The way a brand represents itself visually says a lot about it. Getting the basics right, like using Messenger-optimized graphics and clear product photography goes a long way.
Remember, these are conversations taking place either in the bottom right hand corner of your computer screen or on your mobile phone. High contrast and simple composition will do much better than complex visuals.
Don’t stop at just photography, though. Do you use other visuals when texting friends?
When in comes to Messenger marketing, emojis and GIFs are fair game. More than that, actually – emojis are proven to improve conversion rates.
Whole Foods uses food emojis to guide conversations around recipes. It’s a smart way to keep things manageable – there are only a finite number of food emojis – and fresh at the same time.
Make it punchy
The power of your Messenger messages depends entirely on how engaging your writing is.
Shakespeare called brevity “the soul of wit”; it’s probably also the soul of effective Messenger marketing.
Remember, this isn’t like email marketing or general sales copy. You’re not waxing lyrical about a product or to an unknown mass of people. You’re engaging in a two-way dialogue with a single person.
Have you ever watched or heard a conversation that’s extremely imbalanced? If one person is blabbering endlessly, it’s just uncomfortable.
If you struggle to write concisely, you can try using apps like the Hemingway App to shorten your sentences. Walls of text don’t work well anywhere online, but they can be a real killer in messages.
Clear choices and CTAs
The best way to create engagement is to ask for it. Call-to-actions, or CTAs, should make up the backbone of your conversation flow.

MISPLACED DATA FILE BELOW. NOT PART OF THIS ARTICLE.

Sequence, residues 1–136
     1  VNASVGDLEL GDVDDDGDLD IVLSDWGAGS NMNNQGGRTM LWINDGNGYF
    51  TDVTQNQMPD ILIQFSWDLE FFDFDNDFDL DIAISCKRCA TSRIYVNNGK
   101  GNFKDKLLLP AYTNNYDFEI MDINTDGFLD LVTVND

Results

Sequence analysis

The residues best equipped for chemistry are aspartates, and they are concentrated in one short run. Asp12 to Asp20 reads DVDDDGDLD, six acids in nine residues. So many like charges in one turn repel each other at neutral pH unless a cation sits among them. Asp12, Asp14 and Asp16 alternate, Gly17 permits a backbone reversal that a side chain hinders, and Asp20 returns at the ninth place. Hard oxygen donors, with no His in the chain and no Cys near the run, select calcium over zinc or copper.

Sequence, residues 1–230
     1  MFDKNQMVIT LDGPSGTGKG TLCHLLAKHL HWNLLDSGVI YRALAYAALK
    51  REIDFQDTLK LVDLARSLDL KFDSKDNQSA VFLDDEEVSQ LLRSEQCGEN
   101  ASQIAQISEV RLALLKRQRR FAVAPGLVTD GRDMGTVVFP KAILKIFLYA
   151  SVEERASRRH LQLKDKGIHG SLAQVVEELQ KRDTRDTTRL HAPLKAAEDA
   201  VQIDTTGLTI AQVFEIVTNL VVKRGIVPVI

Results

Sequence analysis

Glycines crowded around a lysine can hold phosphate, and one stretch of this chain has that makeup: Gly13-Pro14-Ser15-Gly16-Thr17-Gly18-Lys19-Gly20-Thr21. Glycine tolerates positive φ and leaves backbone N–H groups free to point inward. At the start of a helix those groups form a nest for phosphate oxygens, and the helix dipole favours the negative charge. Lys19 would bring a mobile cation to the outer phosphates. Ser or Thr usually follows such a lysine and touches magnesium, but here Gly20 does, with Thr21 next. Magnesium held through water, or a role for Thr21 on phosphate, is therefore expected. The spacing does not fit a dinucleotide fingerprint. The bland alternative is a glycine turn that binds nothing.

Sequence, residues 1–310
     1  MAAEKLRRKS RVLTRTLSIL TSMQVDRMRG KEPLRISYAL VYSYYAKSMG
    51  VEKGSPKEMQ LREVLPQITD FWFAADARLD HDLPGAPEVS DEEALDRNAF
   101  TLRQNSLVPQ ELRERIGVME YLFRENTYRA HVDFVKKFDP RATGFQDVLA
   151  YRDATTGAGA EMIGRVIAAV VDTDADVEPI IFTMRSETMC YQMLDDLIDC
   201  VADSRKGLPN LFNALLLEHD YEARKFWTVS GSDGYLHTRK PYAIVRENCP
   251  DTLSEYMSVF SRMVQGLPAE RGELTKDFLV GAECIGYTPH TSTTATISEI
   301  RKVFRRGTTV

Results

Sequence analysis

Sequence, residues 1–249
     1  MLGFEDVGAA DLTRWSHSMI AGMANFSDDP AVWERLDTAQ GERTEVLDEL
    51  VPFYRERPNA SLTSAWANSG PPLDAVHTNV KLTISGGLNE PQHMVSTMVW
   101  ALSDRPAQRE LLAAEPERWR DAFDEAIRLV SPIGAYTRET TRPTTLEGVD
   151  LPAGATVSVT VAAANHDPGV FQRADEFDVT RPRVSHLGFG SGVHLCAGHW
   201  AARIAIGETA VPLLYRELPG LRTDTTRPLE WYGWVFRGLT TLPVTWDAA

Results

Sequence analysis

The best way to create progress along a funnel is to offer clear choices and ask for specific actions. This isn’t just a chatbot element – clear choices that lead a user through a decision tree is part of many operating manuals and customer service flows, human or computer-based. If you’ve ever dealt with automated customer service, you’ve probably had to go through a step-based series of choices.
Sales enabling chatbots, like jumper, can provide efficient service by responding to customers who have already indicated interest in specific products. Buyers at that stage don’t have to be led through a browsing process – they’ve already chosen what they want.
This Hubspot article offers a simple framework to analyze your conversation structure.
It’s a good idea to draw out your conversations and sales funnels as flowcharts. This will help you structure your questions and CTAs into clear sequences. Any basic flowchart program will work, but you can also use specialized tools like Botmock.
How to drive more sales with Messenger
Upsells, cross-sells, and repeat buyers
Your Messenger journey doesn’t have to end at checkout. Some of the most valuable actions come after a customer has decided to buy a product.
Once a transaction is complete, Facebook Messenger can also be used to send automated messages. Many email marketing-style flows can be recreated, and buyers can be sent anything from personalized thank you coupons to order updates.
Timing + Relevancy
Chatbots can function well as a standalone marketing tool, but they become especially powerful when linked with other forms of outreach.
If you plan to sell through a chatbot, consider running promotional campaigns that drive extra warm traffic to the bot. If the chatbot’s conversation is relevant to the journey they’ve just experienced, it will lead to a better user experience and higher conversion rates.
OHRA insurance, for example, more than doubled their conversion rates while running TV ads.
Consider what brought your audience to your chatbot in the first place. Keeping that context in mind may help you create more relevant copy and images, and a better Messenger experience for your audience.
How will you create effective Messenger messages?
The best thing you can do is get started. Once you’ve activated your chatbot, you’ll be able to experiment with different styles, strategies, and content.
You can track and analyze your Messenger marketing’s effectiveness with chatbot performance tools like Dashbot and Bot Society. The more you engage your audience through Messenger, the more you’ll be able to test and optimize. Double down on what’s working and cut out the strategies that fall flat.
Remember, at the end of the day chatbots and Facebook Messenger are simply tools to create a two-way conversation with your buyers. They’re powerful tools, but it’s up to you to engage with your audience and develop your brand’s voice!